What is Surprise Billing?
One of the most pernicious issues affecting patients within the healthcare financing system is surprise billing. Surprise billing refers to any bill that is unexpected and not previously explained or outlined to patients before receiving treatment or services. Surprise billing usually occurs when patients receive care or treatment from a health system that is “out-of-network” form their insurer.
However, not all patients are aware of the extent or limitations of their insurer’s networks, especially during emergencies. Many patients may not know that the health system they are seeking care from is out-of-network from their insurer. In these instances, the health system will send out a balance bill that seeks the difference between the cost of treatment and the coverage of the insurance.
Surprise billing can be exorbitantly expensive, reports from the US Department of Health and Human Services have shown that surprise medical bills can be as much as $1,200 for anesthesiologists, $2,600 for surgical assistants, and $750 for childbirth-related care. Surprise billing is also toxic for patient-provider relationships. Patients who experience surprise billing are much less likely to return to their provider and will hold declining levels of trust of their provider and the healthcare system generally.
How the No Surprises Act Will Protect Patients
On January 1st, 2022, the No Surprises Act (NSA) took effect, granting sweeping protections for patients against surprise billing as well as providing new guidance for physicians when caring for patients in specific situations.
The NSA will require private health plans to cover out-of-network claims as well as apply in-network cost sharing. This will apply to both job-based and non-group plans, as well as grandfathered plans. The NSA will also prohibit doctors, hospitals, and covered providers from billing patients more than the in-network cost amount for surprise medical bills.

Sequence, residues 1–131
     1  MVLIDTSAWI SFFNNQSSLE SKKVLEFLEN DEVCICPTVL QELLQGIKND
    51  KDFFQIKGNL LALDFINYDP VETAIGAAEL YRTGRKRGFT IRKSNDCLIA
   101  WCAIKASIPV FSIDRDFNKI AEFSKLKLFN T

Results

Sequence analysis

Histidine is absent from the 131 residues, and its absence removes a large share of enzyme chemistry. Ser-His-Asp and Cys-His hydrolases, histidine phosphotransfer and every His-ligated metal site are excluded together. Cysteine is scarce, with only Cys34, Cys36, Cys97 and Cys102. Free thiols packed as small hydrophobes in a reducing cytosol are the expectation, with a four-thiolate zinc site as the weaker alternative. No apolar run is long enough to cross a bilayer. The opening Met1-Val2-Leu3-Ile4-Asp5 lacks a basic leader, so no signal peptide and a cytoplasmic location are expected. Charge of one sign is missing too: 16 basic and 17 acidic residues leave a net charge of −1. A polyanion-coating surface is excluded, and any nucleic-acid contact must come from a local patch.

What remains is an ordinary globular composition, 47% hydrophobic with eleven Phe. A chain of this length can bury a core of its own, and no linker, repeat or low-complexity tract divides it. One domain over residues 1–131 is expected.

The NSA was crafted to protect patients from harmful financial practices and has been hailed as a impressive step for consumer healthcare protections. As Health and Human Services Secretary Xavier Becerra said, “No one should have to worry about going bankrupt after falling ill or seeking critical care”.
How Healthcare Providers Will Need to Adapt in 2022
For some healthcare providers and health systems, the NSA will require significant changes to their current financing models. The NSA will be enforceable with a penalty of up to $10,000 for each applicable violation. In addition to financial penalties, healthcare systems that refuse to abide by the new statutes of the NSA will experience patient attrition as frustrated patients flee for NSA compliant healthcare systems.
Quite simply, it’s critical that healthcare providers understand the gravity of the NSA and strive to make every aspect of their financing compliant with the new NSA in 2022.
The following are several areas in which healthcare providers should take the initiative to stay abreast of new financial regulations.
- Disclosure of Balance Billing Protections